I thought it was a good idea. I like apple and thyme sautéed with a pork chop. The pork with sweet from the apple and a savory herby note from the thyme spells yum. I thought it would translate beautifully into an apple pie. I cut the thyme from my herb garden and sautéed it with apple slices and butter before baking my new creation. It smelled great.
Unfortunately it took only one eager bite from the cooled pie to decide that thyme is a friend to pork and other savories but is not so delicious in a dessert. At least it was not so delicious in my apple pie.
I returned to my roots to bake a second, more palatable apple pie flavored with a dash of cinnamon and a pinch of coriander. I added a few bacon bits to my second pie because bacon makes everything better. I think my apple pie grandma would approve. I think she would have made a face at my thyme idea.
Apples are in my blood. I grew up in apple country in North Central Washington. At that time there were more orchards than houses and more fruit trees than children and dogs and combined. The aroma of fresh apples filled the air as the hot days of summer gave way to crisp days and chilly nights. Farmers were busy bringing their fruit to market while mothers and grandmothers filled vats with sweet apples to sauce and canned too many quarts of pie filling to count.
Forty years later my heart still flutters great nostalgia in the fall when I see bins of apples fill my local farmer's market. I want to try one of each and then make pies and cakes and apple butter and syrup and jelly... but for today I had to content myself with a not so great pie and a great pie.
The first thing you need to do when making an apple pie is select an appropriate variety for baking. Golden delicious and Jonagolds are my favorite, readily available apples for pie. Winesaps, however, are my all time favorite pie apple. They are a slightly tangy apple that holds its shape well when baked in a pie. They are not easy to come by so I usually reach for the Golden delicious or Jonagolds when pie making fever strikes. Some apples, such as Red Delicious, McIntosh, and Rome become mushy when baked. I suggest avoiding those varieties for baking.
You will notice that my apple pie recipe calls for only a hint of cinnamon and even less coriander. These two spices support apple flavor well when used sparingly but may quickly overpower the bright apple flavor when too much is added.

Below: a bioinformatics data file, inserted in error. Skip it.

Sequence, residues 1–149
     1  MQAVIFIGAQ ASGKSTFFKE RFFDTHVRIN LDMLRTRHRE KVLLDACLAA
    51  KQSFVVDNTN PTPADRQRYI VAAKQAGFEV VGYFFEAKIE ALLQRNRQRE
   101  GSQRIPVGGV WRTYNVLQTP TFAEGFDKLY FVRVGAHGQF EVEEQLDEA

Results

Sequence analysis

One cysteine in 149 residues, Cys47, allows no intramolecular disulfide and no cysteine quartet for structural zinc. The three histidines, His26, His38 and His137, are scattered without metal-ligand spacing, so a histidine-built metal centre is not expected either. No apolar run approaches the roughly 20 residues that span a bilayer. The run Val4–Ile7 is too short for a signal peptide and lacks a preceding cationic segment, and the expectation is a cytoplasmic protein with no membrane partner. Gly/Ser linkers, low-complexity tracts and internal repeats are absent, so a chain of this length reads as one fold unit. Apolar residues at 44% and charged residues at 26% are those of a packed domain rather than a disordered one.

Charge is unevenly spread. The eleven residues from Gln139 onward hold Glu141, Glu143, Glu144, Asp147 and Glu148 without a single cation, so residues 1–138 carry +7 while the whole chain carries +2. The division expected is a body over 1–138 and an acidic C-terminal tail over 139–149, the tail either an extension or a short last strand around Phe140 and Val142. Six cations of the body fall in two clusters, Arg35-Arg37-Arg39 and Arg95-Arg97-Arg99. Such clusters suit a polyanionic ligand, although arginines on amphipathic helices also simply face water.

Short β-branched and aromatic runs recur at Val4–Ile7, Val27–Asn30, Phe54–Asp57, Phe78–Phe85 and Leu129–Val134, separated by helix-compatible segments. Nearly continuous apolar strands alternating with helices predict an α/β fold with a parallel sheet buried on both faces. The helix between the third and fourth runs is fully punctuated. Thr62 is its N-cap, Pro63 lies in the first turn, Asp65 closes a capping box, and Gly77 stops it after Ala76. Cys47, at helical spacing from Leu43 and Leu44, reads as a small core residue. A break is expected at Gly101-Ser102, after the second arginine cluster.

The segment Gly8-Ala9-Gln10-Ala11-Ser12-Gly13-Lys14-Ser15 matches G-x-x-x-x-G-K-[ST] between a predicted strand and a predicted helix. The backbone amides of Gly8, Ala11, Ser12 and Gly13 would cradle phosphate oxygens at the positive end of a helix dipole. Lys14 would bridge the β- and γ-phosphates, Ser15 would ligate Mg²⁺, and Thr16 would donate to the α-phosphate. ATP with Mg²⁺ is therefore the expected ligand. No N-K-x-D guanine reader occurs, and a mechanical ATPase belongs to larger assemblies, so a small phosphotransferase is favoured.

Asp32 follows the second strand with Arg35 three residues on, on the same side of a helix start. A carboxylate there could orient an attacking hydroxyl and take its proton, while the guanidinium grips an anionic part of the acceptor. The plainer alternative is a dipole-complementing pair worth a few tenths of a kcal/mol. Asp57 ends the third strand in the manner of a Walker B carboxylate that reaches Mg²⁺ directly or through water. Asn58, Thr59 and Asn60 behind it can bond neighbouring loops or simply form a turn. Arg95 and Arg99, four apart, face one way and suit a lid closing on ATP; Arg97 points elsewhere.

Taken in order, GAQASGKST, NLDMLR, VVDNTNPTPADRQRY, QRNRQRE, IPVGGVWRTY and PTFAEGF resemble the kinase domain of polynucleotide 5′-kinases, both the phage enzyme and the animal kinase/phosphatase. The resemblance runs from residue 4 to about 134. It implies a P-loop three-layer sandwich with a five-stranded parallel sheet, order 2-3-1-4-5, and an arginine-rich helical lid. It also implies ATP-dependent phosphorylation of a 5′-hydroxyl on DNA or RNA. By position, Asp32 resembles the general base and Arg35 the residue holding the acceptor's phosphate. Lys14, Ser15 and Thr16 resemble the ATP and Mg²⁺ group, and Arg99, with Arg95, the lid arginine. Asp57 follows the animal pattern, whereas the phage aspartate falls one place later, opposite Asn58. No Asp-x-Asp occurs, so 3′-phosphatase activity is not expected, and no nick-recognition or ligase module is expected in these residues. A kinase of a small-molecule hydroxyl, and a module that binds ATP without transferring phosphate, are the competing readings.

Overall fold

Ma's Apple Pie with Bacon
1 recipe double-crust pie pastry*
2½ pounds sweet baking apples (Golden Delicious or Jonagolds are good choices), peeled , cored, and sliced
2½ pounds tart baking apples, peeled , cored, and sliced
¼ cup granulated sugar
½ cup brown sugar
¼ teaspoon salt
¼ teaspoon cinnamon
⅛ teaspoon coriander
1 large egg white, lightly beaten
1 tablespoon sugar
On a lightly floured surface roll 1 disk of pie pastry into a 12 inch circle, fit it into a 9 inch deep dish pie pan, letting the excess pastry hang over the edge of the pan. Cover with plastic wrap and refrigerate at least 30 minutes. Roll the second disk of pastry into a 12 inch circle; transfer to a parchment paper lined baking sheet, cover with plastic wrap and refrigerate at least 30 minutes.
Preheat oven to 425°.
Toss the apple slices with the sugars, salt, cinnamon, and nutmeg in a Dutch oven. Cover and cook over medium low heat, stirring frequently until the apples are just tender. Gently lift the apples onto a baking sheet to cool. Strain the cooled apples through a colander or large strainer, reserving ¼ cup juice.
Spoon the apples into the pastry lined pie pan. Drizzle the reserved juice over the apples and then cover with the second disk of pastry. Trim the edges to ½ inch, fold under, and crimp edges. Cut vent holes in the top. Brush the top with egg white and sprinkle sugar over the top.
Place the pie on a rimmed baking sheet (to catch any drips) and bake 25 minutes or until golden brown. Reduce oven temperature to 375° and bake 30-40 minutes longer or until deep golden brown. Cool the pie on a wire rack for 2 hours. Serve warm with ice cream!